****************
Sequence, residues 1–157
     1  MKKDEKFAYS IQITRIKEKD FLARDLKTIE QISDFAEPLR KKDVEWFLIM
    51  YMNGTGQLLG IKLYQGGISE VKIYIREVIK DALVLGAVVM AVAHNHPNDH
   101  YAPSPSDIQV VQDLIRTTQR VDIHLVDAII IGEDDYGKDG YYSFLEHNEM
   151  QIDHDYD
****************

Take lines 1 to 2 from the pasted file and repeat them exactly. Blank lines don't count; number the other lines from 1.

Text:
Sequence, residues 1–157
     1  MKKDEKFAYS IQITRIKEKD FLARDLKTIE QISDFAEPLR KKDVEWFLIM